New California law limits security deposits to 1 month's rent, with some exceptions

Until now, California's security deposit limit has not been changed since 1977

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A new California law that took effect Monday limits the amount landlords can require as a security deposit to one month’s rent, with some exceptions.

Previously, landlords could require up to two months' rent, or three, if the apartment is furnished.

This marks the first change to the state’s security deposit limit since 1977, when the average rent for a one-bedroom apartment in California was $220 a month. The average rent has since skyrocketed nearly seven-fold to roughly $1,700 per month.

Under the new law, security deposits are now capped at one month’s rent for landlords with more than two properties or a total of four rental units. Any landlords below that threshold can still require two months' rent as a deposit.

That exception does not apply to service members, who can now only be required to pay one month’s rent as a deposit regardless of the landlord’s properties.

For tenants trying to make ends meet, that extra cash may make a big difference.

Mary Lundy is one of those renters impacted by the new law. She has to move out of her East Village apartment while her landlord repairs the building. Lundy said she’s struggling to find a new place to live, in part because she has to put up a security deposit and the first month’s rent on a fixed income.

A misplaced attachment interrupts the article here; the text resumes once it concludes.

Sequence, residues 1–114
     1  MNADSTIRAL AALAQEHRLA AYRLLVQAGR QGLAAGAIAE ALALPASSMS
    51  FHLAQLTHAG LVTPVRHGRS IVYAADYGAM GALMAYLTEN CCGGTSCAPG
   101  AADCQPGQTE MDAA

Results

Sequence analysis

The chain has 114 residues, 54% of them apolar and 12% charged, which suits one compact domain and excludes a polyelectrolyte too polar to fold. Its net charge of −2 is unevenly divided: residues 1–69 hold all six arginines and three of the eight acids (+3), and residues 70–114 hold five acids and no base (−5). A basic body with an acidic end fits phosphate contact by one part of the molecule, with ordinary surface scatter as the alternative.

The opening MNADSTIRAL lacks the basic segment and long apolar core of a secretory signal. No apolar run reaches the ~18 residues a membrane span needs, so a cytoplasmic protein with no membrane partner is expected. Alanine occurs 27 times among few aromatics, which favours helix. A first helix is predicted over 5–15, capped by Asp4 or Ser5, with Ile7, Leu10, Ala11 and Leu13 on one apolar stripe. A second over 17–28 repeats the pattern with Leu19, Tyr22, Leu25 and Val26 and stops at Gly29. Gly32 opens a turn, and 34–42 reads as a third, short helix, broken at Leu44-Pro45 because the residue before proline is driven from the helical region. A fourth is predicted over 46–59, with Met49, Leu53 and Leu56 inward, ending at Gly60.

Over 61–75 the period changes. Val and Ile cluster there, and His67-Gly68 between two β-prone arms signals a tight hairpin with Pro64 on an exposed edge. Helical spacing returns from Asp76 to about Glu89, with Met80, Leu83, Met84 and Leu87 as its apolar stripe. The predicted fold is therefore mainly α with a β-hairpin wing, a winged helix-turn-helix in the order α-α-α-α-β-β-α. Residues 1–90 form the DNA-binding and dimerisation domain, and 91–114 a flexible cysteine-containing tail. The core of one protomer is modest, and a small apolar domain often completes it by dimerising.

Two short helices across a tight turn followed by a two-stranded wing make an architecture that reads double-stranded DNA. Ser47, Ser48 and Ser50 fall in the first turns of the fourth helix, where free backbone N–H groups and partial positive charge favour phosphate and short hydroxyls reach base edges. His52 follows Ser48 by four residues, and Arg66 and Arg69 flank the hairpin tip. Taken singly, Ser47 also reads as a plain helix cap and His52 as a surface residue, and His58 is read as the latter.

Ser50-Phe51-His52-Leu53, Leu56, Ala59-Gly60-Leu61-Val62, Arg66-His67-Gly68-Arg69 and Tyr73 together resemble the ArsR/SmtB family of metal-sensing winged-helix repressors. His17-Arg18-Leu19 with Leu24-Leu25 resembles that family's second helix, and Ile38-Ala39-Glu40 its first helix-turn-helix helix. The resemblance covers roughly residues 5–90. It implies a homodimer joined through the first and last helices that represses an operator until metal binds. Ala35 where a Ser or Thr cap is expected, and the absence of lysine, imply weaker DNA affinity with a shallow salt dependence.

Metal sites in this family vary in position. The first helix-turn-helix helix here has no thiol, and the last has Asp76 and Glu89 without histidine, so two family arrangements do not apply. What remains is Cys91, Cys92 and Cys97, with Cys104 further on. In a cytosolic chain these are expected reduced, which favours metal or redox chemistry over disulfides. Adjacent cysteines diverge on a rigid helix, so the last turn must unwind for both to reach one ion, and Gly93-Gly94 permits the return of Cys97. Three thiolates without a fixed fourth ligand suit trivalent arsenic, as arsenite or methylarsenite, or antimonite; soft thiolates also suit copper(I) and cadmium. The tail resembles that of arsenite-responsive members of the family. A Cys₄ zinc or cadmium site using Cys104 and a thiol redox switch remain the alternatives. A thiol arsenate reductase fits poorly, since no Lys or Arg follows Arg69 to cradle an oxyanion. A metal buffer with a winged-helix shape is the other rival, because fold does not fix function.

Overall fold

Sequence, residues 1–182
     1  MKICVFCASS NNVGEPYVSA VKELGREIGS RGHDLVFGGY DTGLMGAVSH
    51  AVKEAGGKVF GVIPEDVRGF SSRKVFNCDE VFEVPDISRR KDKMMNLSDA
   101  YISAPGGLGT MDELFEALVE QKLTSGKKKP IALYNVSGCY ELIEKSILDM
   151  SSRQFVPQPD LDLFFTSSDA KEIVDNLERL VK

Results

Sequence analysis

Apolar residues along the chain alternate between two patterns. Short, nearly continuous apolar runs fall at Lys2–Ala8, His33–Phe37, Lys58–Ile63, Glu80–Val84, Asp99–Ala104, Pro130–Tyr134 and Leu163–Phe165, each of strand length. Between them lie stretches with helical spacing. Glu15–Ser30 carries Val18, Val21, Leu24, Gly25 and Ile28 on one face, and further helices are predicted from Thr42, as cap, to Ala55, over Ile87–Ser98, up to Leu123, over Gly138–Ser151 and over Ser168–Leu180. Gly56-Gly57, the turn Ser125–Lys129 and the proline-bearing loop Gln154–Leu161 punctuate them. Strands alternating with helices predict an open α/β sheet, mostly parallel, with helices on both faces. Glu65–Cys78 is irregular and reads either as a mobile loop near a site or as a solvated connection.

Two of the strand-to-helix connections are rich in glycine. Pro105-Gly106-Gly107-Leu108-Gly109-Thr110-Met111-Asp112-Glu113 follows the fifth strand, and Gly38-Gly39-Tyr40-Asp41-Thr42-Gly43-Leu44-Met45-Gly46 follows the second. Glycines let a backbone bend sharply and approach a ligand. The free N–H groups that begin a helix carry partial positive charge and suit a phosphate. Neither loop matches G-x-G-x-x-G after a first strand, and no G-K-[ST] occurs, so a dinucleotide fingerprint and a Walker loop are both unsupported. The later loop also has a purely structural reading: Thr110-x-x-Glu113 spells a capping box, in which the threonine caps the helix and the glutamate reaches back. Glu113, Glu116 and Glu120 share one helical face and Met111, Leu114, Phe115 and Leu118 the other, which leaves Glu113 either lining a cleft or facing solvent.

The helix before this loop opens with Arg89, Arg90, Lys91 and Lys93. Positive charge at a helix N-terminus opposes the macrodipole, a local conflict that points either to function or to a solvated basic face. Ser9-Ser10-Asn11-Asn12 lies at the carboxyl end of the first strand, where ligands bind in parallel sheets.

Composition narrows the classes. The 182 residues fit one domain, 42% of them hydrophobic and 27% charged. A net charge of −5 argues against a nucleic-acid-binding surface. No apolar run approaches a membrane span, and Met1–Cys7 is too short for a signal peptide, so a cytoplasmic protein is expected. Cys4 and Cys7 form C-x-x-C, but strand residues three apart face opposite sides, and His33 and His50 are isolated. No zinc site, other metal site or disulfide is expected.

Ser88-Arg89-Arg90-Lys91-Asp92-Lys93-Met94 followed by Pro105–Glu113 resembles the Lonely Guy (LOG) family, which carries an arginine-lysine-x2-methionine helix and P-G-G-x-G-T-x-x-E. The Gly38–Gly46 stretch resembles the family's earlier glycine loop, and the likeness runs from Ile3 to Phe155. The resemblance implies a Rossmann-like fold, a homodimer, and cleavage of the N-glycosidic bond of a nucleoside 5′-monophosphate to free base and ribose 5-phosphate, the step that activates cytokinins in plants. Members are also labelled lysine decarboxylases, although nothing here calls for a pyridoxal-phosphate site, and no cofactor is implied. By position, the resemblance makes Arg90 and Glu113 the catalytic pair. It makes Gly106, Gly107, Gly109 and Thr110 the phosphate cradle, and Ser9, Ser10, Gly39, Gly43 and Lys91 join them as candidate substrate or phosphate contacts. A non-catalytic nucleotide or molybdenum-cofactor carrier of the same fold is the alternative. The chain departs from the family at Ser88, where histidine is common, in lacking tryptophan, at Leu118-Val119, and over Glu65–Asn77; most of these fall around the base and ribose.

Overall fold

“Coming up with the money, I could do it with my Social Security check on the third, but that means I’d be broke because most places ask for two months,” Lundy said.

Attorney Dan Lickel, who often represents tenants, wants everyone to know their rights.

“If you’re approaching an individual landlord, and that landlord wants two months as a deposit, you need to ask some follow-up questions," Lickel said. "How many other rental properties do you have?”

Lickel said the law will primarily protect renters who have low credit because they’re the ones who are most often asked to put up several months of rent as a deposit — which Lundy has found to be true in her search.

“It’s real hard because most of the places around here ask for two months,” Lundy said. “The ones that I’ve found that don’t want that, they want an almost perfect credit rating. I’ve got good, very good credit and even with that, they want in the 700s, which I don’t know anybody that has a 700 credit rating.”

Lickel said those who already have a place to live are also protected under the new law from something he’s seen often: a landlord’s sudden request to change the terms of their lease.

“Tenants no longer have to worry about the landlord serving a notice asking for a huge increase in the deposit,” Lickel said, adding that taking the time to learn the law can help protect renters in the long run.

“Folks, sometimes, they don’t see their deposit as being an investment, and they can protect that investment,” he said.

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